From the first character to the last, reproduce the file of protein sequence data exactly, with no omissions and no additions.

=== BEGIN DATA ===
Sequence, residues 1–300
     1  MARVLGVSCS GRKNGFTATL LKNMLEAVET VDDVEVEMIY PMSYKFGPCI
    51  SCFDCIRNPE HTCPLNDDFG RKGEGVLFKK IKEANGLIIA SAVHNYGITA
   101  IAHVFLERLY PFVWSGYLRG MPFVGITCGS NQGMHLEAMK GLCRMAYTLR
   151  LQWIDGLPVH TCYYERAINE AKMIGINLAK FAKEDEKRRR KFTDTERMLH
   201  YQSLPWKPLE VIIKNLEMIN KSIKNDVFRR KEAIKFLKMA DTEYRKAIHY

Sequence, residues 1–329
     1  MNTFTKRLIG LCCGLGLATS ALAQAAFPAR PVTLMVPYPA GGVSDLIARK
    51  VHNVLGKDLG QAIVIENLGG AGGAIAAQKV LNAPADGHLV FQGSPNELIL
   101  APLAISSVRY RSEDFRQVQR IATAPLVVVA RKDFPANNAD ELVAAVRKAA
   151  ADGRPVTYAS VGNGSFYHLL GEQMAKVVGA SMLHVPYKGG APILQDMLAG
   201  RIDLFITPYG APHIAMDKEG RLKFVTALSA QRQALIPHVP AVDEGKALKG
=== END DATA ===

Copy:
Sequence, residues 1–300
     1  MARVLGVSCS GRKNGFTATL LKNMLEAVET VDDVEVEMIY PMSYKFGPCI
    51  SCFDCIRNPE HTCPLNDDFG RKGEGVLFKK IKEANGLIIA SAVHNYGITA
   101  IAHVFLERLY PFVWSGYLRG MPFVGITCGS NQGMHLEAMK GLCRMAYTLR
   151  LQWIDGLPVH TCYYERAINE AKMIGINLAK FAKEDEKRRR KFTDTERMLH
   201  YQSLPWKPLE VIIKNLEMIN KSIKNDVFRR KEAIKFLKMA DTEYRKAIHY

Sequence, residues 1–329
     1  MNTFTKRLIG LCCGLGLATS ALAQAAFPAR PVTLMVPYPA GGVSDLIARK
    51  VHNVLGKDLG QAIVIENLGG AGGAIAAQKV LNAPADGHLV FQGSPNELIL
   101  APLAISSVRY RSEDFRQVQR IATAPLVVVA RKDFPANNAD ELVAAVRKAA
   151  ADGRPVTYAS VGNGSFYHLL GEQMAKVVGA SMLHVPYKGG APILQDMLAG
   201  RIDLFITPYG APHIAMDKEG RLKFVTALSA QRQALIPHVP AVDEGKALKG